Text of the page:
Saturday, February 2, 2013

"You Did That on Purpose"

I'm making mistakes as a new first grade teacher. That's just the nature of doing something new. But I'm learning through all those mistakes, too.

I also just make mistakes because I'm human. In read alouds, I'll change or add words. When writing, I'll leave out words or make spelling mistakes. When those things happen, I try to turn them into learning opportunities.

I'll ask, "What did Mr. Wiley just do? I skipped a word when I was writing. I forgot to put the word the before dog in this sentence. Does that make it harder to read? Yes. So when you're writing, make sure you include all the words so your sentences will make sense."

I'll say, "Mr. Wiley put in some extra words while reading. Great readers will read carefully and make sure to say just the words that are there. That way, we can understand what the author meant when she wrote this book."

One boy in my class now says, "You did that on purpose, didn't you?" whenever I make a mistake. It would easy to say, "Yes!" and move on. But I don't want kids to think that I never make mistakes. It's important to know that everyone makes mistakes and that making mistakes is okay. We can recognize them and correct them. Making mistakes helps us learn.

I also don't want them to think I know everything. It's important to say "I don't know." I once had to look up a word that we were writing on a chart. "You don't know how to spell that?" the kids asked, incredulous. "I don't know how to spell all the words," I said. "But we can find the answer."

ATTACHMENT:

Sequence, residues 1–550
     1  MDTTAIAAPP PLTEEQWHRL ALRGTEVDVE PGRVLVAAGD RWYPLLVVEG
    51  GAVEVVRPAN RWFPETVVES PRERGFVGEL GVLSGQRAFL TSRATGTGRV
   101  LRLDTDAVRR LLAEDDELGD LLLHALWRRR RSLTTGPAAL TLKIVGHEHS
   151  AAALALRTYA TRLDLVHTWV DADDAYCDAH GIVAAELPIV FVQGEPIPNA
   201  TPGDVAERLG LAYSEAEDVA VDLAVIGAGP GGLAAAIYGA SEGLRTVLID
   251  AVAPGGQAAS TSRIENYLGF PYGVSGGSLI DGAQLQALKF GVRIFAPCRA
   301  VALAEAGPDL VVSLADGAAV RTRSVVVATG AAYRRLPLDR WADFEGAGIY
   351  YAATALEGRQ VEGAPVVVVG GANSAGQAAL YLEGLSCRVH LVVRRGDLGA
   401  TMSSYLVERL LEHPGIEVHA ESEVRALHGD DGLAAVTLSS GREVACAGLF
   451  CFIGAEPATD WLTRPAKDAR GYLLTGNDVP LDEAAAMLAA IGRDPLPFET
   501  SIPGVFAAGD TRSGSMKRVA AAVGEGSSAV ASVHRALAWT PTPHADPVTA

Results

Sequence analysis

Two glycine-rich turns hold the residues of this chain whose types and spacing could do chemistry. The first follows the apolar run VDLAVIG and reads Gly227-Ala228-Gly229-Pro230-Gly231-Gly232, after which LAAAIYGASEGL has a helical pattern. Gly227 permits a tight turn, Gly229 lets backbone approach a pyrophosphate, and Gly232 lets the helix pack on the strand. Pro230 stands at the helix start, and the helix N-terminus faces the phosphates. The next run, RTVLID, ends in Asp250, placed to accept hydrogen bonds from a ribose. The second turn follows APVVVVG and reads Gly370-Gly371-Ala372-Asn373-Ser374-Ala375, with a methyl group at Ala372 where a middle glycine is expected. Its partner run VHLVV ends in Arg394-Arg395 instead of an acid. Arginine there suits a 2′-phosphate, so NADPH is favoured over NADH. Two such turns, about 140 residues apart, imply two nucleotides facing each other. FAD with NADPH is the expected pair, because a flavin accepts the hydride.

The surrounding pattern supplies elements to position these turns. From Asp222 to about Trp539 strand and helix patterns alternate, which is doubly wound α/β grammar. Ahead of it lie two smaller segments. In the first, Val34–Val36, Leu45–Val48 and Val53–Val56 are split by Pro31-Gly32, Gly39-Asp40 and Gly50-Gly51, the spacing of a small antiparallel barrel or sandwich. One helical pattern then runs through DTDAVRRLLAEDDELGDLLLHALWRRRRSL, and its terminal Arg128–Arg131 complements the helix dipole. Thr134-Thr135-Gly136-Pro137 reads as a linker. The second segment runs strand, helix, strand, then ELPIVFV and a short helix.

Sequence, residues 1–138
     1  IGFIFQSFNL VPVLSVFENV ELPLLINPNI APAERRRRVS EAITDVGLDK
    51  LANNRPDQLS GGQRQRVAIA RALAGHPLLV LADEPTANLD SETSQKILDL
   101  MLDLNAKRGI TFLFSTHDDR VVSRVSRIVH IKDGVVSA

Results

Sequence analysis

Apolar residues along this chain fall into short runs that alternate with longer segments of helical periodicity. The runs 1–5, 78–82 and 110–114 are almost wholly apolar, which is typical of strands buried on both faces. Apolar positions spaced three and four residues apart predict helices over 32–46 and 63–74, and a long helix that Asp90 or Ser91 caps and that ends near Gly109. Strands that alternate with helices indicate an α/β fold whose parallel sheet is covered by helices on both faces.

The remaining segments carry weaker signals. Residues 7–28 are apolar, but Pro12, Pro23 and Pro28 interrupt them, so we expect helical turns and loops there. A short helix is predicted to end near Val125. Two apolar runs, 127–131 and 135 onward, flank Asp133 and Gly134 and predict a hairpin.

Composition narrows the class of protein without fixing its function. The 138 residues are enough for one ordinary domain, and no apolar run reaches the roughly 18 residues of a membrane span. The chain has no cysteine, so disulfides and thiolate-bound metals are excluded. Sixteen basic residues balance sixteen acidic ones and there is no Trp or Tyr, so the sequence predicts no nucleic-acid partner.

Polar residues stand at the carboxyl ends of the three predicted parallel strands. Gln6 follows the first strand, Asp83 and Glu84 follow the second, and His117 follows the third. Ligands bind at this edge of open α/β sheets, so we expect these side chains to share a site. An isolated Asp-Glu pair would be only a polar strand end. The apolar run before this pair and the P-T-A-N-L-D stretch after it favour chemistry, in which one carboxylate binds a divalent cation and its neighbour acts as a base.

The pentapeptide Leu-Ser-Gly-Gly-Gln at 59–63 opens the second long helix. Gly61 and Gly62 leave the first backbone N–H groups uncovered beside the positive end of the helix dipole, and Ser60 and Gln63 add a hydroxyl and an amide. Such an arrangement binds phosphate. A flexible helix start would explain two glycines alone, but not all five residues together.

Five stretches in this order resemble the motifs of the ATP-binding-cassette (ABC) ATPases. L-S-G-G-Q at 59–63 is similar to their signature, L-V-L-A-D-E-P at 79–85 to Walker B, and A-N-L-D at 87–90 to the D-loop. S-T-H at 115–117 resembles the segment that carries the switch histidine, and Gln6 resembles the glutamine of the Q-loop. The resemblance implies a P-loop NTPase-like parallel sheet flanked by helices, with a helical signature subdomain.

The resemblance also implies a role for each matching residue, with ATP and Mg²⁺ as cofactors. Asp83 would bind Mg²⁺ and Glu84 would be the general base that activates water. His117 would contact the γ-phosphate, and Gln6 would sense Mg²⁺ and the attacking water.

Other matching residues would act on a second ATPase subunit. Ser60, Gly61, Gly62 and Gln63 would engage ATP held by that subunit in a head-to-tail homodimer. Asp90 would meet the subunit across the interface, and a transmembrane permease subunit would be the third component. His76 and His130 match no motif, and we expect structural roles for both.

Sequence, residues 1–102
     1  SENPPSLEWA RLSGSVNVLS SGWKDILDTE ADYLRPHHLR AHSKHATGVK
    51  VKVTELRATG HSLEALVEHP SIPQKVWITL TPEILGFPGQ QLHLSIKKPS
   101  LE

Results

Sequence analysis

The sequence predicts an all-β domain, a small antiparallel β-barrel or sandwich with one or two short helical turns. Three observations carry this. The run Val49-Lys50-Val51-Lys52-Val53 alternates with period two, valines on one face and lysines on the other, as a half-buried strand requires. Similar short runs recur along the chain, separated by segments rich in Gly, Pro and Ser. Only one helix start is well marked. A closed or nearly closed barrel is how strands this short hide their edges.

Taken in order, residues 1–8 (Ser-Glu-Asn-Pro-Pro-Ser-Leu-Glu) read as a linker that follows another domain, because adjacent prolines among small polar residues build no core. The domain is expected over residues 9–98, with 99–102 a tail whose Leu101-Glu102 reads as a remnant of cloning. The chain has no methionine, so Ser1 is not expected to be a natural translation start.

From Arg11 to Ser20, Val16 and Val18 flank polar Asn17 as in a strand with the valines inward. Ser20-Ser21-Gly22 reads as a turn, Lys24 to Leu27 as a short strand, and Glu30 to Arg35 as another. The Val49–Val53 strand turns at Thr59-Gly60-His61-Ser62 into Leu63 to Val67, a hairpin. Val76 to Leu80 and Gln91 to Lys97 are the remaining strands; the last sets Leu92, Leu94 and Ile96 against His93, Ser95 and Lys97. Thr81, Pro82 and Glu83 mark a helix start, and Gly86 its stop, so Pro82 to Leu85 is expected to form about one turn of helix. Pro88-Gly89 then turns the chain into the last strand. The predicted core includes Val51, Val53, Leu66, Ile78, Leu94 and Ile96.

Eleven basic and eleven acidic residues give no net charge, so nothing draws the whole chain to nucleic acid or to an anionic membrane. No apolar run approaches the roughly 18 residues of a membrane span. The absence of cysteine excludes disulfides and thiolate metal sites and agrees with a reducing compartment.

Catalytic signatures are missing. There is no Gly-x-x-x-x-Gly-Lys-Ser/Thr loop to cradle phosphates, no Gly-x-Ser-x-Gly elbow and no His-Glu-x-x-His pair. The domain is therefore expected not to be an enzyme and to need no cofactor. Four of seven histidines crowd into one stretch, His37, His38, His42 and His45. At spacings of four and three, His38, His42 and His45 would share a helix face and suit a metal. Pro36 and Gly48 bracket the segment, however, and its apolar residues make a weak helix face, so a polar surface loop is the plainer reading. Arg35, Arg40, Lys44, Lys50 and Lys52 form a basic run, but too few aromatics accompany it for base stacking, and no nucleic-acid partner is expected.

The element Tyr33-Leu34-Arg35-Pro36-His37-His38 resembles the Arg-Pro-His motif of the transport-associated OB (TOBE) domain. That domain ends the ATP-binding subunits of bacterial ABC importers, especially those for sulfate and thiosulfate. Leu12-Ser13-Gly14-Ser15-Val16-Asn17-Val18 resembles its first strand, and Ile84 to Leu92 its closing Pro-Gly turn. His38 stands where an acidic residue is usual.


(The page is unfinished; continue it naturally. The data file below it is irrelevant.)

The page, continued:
I make mistakes. And that's okay. I'm learning.


  1. I taught early elementary for seven years...many, many funny mistakes I wish I'd written down...two I remember: finding out that the insect "beetle" isn't spelled like the band (um, duh, right?) and using the word "knock" to teach about silent can imagine which letter the kid thought was silent (not the K). The genuine mistakes are the best! Thanks for teaching our children!

  2. Last week, during a classroom evaluation by my vice principal:
    We were doing an interactive writing lesson about penguin facts. Our fact was, "Penguins slide on their bellies", but I had told the children to spell it THERE. When I realized my mistake, we went to fix it and I couldn't remember how to spell THEIR (where does the I go?). My VP had to tell me...
    It was all good and it does add to the lesson. Kids need to see that we make mistakes, so it's ok for them to make mistakes.
    Thanks for this post! Love it when we can empower our children.

  3. Great post! What a strong message to send and model to children - it's OK to make a mistake. We can learn from our mistakes. It's authentic and powerful learning at it's finest. We make plenty of mistakes naturally - there is no need to fake it or write something wrong on purpose. Kids catch on to that. What they learn from is when they see their teacher being real and human. Thank you so much for sharing. Lucky kids to have you as their teacher!!

  4. I love your honesty! We are all human, and we do make mistakes!! I think it's important for kids to realize that. My first graders all refer to Google as my buddy because I have to ask him questions often. That's reality for ya! :) Thanks for sharing your thoughts!

  5. Scott, I also make mistakes all the time. It is in making mistakes that real learning occurs. While doing a read aloud I often go back and re read sections of a story because it didn't make sense in my head. Isn't this exactly what we are teaching our students to do? How awesome for them to catch us doing exactly that. As teachers we need to be genuine, mistakes and all. While you may be new to grade one, and feel you are making "mistakes" along the way, those kidlets of yours are lucky to be able to have you as their teacher. If anyone is telling you that they never make mistakes, I'd most certainly think they are lying. Thanks for writing this blog. I enjoy reading your posts.